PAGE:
My younger sister, Jessica was fourteen when she announced she wanted to be a forensic psychologist. After watching Silence of the Lambs, something about Jodi Foster's character resonated with her - and stuck.
It's been a long haul - more than a decade of schooling, innumerable years as a starving student, and countless hours of studying. But her decision has never wavered (except that one year when she considered marine biology, but we won't tell Dad about that...) and yesterday, she defended her dissertation and passed. Which means we can now call her Dr. Ius.
I teased her a lot about that last night after she'd indulged in a little champagne and I mourned the fact I couldn't be there with her to celebrate. I asked how long until her handwriting went to seed, or whether she would be trading in her headphones for a stethoscope, or if I'd have to make an appointment and pay astronomical fees to hang out with her. (Yes, I do know she isn't THAT kind of doctor.)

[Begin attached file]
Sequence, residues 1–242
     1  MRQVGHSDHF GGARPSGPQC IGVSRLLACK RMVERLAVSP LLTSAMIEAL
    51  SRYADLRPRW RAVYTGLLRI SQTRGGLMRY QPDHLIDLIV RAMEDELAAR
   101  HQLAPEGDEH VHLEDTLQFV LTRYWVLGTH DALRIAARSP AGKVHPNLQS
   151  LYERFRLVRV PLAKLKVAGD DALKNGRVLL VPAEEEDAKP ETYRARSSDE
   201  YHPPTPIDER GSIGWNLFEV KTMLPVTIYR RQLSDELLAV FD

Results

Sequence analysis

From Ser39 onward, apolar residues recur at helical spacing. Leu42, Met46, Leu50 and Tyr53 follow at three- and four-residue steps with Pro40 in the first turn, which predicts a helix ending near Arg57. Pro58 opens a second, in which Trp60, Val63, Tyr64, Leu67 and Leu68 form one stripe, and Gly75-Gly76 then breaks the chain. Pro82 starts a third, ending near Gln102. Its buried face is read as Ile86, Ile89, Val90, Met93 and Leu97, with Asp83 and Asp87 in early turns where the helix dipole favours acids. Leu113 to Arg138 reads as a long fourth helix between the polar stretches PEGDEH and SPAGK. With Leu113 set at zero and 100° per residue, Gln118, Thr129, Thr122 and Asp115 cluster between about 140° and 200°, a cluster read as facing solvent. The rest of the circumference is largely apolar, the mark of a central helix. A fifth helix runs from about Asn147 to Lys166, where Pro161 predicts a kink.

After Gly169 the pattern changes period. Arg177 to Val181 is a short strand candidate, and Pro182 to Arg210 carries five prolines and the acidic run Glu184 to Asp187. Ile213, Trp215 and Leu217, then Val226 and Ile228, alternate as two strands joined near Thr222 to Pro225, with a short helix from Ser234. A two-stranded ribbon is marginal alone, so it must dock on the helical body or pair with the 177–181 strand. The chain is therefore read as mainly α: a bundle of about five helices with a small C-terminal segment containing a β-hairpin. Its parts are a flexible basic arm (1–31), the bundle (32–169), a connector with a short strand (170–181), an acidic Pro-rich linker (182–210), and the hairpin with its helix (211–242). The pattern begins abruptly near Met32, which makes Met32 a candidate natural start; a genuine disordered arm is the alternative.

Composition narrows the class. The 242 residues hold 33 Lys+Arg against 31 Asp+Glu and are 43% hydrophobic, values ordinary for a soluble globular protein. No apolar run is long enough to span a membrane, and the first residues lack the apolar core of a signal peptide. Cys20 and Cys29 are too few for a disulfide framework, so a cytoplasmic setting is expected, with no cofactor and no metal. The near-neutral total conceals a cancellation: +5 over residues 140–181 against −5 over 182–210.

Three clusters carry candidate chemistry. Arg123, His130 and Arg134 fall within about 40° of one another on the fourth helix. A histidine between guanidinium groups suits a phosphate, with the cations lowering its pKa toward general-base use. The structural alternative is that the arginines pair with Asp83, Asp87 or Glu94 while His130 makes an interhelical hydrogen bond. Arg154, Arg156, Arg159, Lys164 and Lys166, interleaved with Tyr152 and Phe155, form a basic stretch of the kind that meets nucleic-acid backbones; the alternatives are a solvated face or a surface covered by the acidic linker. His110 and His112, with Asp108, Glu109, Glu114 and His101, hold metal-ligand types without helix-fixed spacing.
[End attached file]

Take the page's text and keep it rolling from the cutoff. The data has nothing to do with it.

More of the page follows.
But really, this milestone for her is nothing to joke about.
I don't know anyone with more passion and drive than my sister. She's tough as nails but has a heart of gold. She's pragmatic and creative, compassionate and honest. Her beauty radiates from within - and she's a knockout, as her fiancee Pete would certainly attest. Jess will be an awesome wife, and is already an incredible role model for her two stepsons, Nick and Chris.
But she'll always be my role model.
She has such limited time, but she'll read anything I send her and provide thoughtful, encouraging feedback. And though our relationship has been fraught with common (and uncommon) sibling angst, her support of me and my writing has always remained consistent. It's not a coincidence my first novel, Absolution, has been dubbed "Silence of the Lambs in a confessional."
When I want advice about friends and family, or being a step parent, I call my sister.
I call her when I need to cry, too.
Jess is the first person to tell me to "suck it up" when I'm having a pity party, but she's also the most reliable person in my world. And she understands me better than anyone in the universe. Who else, but my sister, would have known that on the afternoon of my wedding all I wanted was a cheese sandwich?
Jessica's path has been hindered with many obstacles but through tenacity, hard work, and sheer brute force, she has reached the pinnacle of her career and I couldn't be happier. I'm thrilled the rest of the world can now call her doctor - but I am most proud to call her my sister.
I love you, Jess. Congratulations on realizing your dream.
The book in my bag today: The Devil's Punchbowl, Greg Isles